Advertisement

Exploring Wicked Problems and Challenging Status Quo Thinking Through Educational Research

  • Roseanna Bourke
  • Judith Loveridge
Editorial

When researchers are faced with an educational policy or practice matter that puzzles them, they often use their systematic inquiries to first understand the phenomenon at hand, and then recommend a change action for individuals, communities or systems. Researchers have particular knowledge, skills and expertise to work with other groups in society on ‘wicked problems’ that demand our collective attention. When the term ‘wicked problem’ was coined in the 1970s by Rittel and Webber (1973), they observed that once “relatively easy problems have been dealt with, we have been turning our attention to others that are much more stubborn” (p. 156). Wicked problems were viewed as complex, but not ‘ethically deplorable’. Certainly, some of the contributions in this issue are dealing with stubborn, or intractable, or enduring educational issues that, on the surface at least, appear as if they should be relatively easy to solve. However when explored in greater depth through thoughtful, well-designed and conducted research, it becomes evident that entrenched beliefs, attitudes, policies or practices inhibit more considered response. In keeping with Rittel and Webber’s view of the social sciences, “social problems are never solved. At best they are only re-solved—over and over again” (p. 160). The prospect of never arriving at an answer, but only at better questions to be asked of wicked educational problems is both disconcerting and reassuring. By encouraging the reader to engage with the researcher to revisit familiar education challenges in different ways, our contributors are inviting us into help make sense of, and grapple with the issues they raise, together.

In this issue, the respective authors have chosen to disseminate their research to question the status quo of policies and practices within educational organisations and systems. Some of the articles address particular policy issues in education which are broadly concerned with equity and the dismantling of systematic barriers to children and young people achieving their full potential, or of students participating in higher education, or of academic colleagues feeling a sense of disconnect in our own tertiary institutions. These authors are no longer satisfied that current practices, cultures, or the ‘way we do things here’ should go unquestioned. Their research is being actively used to help develop new and shared understandings, and to take a position on an area they feel is important to unpack and understand in richer and more complex ways. These articles represent thoughtful responses to wicked educational problems, both in terms of the authors’ motivations for their research, and the wider impact their research might have on the dispositions and actions of other individuals, organisations or communities.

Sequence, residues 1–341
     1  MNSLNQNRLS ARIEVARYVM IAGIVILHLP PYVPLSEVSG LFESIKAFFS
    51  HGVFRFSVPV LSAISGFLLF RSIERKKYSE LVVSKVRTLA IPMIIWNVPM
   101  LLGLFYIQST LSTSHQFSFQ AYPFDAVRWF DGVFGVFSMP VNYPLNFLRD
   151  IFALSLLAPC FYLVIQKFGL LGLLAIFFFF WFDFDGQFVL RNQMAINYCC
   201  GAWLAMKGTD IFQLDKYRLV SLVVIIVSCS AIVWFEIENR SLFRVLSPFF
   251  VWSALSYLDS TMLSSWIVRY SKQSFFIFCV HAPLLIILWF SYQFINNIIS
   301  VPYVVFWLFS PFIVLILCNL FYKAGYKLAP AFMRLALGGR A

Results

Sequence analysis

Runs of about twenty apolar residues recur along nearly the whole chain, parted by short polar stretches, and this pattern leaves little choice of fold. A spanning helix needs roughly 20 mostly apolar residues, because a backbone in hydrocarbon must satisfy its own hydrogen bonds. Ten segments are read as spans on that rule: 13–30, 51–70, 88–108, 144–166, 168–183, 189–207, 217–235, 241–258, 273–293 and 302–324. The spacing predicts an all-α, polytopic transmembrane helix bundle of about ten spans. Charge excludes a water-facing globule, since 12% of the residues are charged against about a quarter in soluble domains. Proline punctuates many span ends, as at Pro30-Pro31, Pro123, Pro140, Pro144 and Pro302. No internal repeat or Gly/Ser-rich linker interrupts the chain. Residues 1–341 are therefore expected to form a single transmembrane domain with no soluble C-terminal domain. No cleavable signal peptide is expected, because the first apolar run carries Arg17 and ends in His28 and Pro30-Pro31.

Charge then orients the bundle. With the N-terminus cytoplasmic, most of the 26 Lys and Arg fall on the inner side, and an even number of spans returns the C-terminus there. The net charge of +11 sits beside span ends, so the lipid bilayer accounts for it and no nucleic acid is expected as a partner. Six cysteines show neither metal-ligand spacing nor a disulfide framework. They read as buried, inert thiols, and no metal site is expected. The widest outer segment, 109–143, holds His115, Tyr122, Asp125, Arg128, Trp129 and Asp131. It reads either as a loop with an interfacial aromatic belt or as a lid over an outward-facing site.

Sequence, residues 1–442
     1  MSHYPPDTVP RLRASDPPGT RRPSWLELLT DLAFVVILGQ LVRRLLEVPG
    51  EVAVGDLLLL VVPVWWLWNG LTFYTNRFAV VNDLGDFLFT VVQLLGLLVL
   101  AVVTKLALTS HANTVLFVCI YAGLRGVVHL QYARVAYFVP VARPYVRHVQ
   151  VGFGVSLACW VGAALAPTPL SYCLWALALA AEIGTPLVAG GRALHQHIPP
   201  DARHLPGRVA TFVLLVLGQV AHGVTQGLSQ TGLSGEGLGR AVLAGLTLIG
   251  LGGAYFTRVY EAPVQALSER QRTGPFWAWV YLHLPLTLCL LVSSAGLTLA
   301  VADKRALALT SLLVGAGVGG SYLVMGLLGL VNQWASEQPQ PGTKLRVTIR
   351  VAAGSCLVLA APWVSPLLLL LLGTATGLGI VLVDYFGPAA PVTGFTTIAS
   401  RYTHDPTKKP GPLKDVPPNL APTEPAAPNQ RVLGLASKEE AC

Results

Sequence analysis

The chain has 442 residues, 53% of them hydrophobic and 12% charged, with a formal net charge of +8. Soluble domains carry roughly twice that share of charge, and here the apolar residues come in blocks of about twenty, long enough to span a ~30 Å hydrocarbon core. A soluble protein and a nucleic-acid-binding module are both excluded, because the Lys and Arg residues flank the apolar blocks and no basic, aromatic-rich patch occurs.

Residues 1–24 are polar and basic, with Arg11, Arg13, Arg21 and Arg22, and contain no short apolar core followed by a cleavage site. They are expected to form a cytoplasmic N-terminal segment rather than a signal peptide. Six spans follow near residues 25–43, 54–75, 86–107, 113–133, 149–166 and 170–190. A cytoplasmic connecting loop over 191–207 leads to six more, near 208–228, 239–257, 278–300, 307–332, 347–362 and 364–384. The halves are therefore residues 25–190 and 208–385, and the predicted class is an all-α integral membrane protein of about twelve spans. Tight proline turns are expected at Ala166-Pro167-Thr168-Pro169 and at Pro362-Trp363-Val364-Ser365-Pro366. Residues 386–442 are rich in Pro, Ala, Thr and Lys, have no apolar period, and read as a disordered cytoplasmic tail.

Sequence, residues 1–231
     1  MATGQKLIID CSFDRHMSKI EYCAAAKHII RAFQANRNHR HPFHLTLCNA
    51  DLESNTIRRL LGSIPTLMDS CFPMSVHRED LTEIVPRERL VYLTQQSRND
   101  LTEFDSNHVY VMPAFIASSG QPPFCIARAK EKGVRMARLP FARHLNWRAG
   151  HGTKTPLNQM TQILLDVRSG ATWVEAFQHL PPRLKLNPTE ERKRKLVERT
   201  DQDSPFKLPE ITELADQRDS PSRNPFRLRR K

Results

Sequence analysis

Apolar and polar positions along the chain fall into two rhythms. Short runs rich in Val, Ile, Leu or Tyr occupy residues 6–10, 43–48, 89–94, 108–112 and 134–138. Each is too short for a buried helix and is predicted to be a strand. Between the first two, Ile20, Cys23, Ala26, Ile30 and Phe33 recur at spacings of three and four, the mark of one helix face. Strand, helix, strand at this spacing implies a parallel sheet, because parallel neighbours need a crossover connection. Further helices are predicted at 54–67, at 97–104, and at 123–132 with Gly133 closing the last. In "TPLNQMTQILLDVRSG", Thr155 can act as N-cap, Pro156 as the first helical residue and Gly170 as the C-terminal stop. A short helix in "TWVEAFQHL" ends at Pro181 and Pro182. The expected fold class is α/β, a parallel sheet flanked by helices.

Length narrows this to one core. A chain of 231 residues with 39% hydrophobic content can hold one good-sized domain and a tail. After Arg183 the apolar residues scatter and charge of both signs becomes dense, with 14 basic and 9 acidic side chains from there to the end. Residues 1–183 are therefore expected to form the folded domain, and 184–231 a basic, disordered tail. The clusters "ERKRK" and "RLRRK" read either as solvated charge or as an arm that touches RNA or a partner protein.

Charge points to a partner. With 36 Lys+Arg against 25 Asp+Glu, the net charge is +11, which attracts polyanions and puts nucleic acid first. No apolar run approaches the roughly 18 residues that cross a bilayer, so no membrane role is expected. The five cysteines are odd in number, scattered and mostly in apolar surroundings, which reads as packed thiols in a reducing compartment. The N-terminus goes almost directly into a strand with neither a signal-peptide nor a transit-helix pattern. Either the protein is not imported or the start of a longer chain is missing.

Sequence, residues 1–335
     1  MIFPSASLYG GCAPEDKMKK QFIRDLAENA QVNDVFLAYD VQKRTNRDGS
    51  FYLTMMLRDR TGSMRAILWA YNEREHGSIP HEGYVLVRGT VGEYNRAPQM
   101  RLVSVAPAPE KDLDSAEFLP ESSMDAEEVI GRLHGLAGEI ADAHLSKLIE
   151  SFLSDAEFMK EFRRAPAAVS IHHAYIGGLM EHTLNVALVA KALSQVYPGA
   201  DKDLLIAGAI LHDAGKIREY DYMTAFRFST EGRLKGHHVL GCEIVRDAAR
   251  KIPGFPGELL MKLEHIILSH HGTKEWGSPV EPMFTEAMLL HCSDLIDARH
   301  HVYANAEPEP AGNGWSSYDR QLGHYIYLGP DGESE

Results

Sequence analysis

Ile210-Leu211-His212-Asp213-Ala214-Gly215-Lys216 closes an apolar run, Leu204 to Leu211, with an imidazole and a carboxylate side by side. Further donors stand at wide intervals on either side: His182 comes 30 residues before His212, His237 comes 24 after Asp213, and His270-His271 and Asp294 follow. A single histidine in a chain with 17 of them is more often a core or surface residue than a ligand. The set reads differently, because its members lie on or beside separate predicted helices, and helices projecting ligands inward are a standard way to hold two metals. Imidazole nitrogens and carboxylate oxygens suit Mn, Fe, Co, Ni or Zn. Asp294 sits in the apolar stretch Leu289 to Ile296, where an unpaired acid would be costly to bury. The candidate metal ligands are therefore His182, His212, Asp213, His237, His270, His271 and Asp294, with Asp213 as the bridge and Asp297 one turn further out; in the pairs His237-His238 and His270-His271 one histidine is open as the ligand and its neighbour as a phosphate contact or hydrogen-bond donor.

For many of these contributions, the use of qualitative research captures the essence of the phenomenon under investigation and delivers vivid, poignant messages. We can ‘hear’ the voices in Kidman and Chu, the participants’ humour, frustration, observation, critique and can appreciate more about what it is to walk in the shoes of Māori and Pacific scholars caught up in neoliberal constraints of academic settings. Likewise, in Berryman and Fry’s article we ‘hear’ the Auditor General’s and Māori students’ frustration at the pace and scope of change for Māori students in terms of their daily experiences in schools. We can also ‘hear’ the associate teachers in Sewell, Hansen and Weir’s research who explore the nature of working with and mentoring student-teachers. In Shepard et al’s article, both teaching staff and students within a tertiary institution articulate very clear views on what it is teach, to learn and to partner as teachers and learners, in a tertiary institution. From Cheeseman, McDonough and Golemac we also learn of the importance of listening closely to children’s thinking.

Kidman and Chu have written a provocative narrative for anyone working within tertiary education institutions that serves also as a clarion call for systematic educational change. The authors interviewed Māori and Pacific senior scholars across 9 universities and Wananga in New Zealand and present some disturbing - but not unexpected results - for those who experience the subtle cultural biases from within tertiary educational institutions on a daily basis. Through their interest in the role of ‘scholar outsiders’, Kidman and Chu explore in a novel way the familiar internal institutional expectations of being ‘an academic’ combined with the external demands faced by universities. This article foregrounds restrictive social and institutional expectations on Māori and Pacific senior scholar development and identity; at one point the authors note that “In general, and with only two exceptions, Māori faculty were more likely to experience intellectual, social and professional isolation in departments where there were few or no other Māori staff”. This article is an important read for researchers and faculty staff across the tertiary sector in Aotearoa New Zealand tertiary institutions; not only because we need to explore better ways together to become more biculturally aware and open to different agendas and aspirations, but to also provide support for “mounting resistance to the neoliberal ‘creep’ of managerialism into academic life”.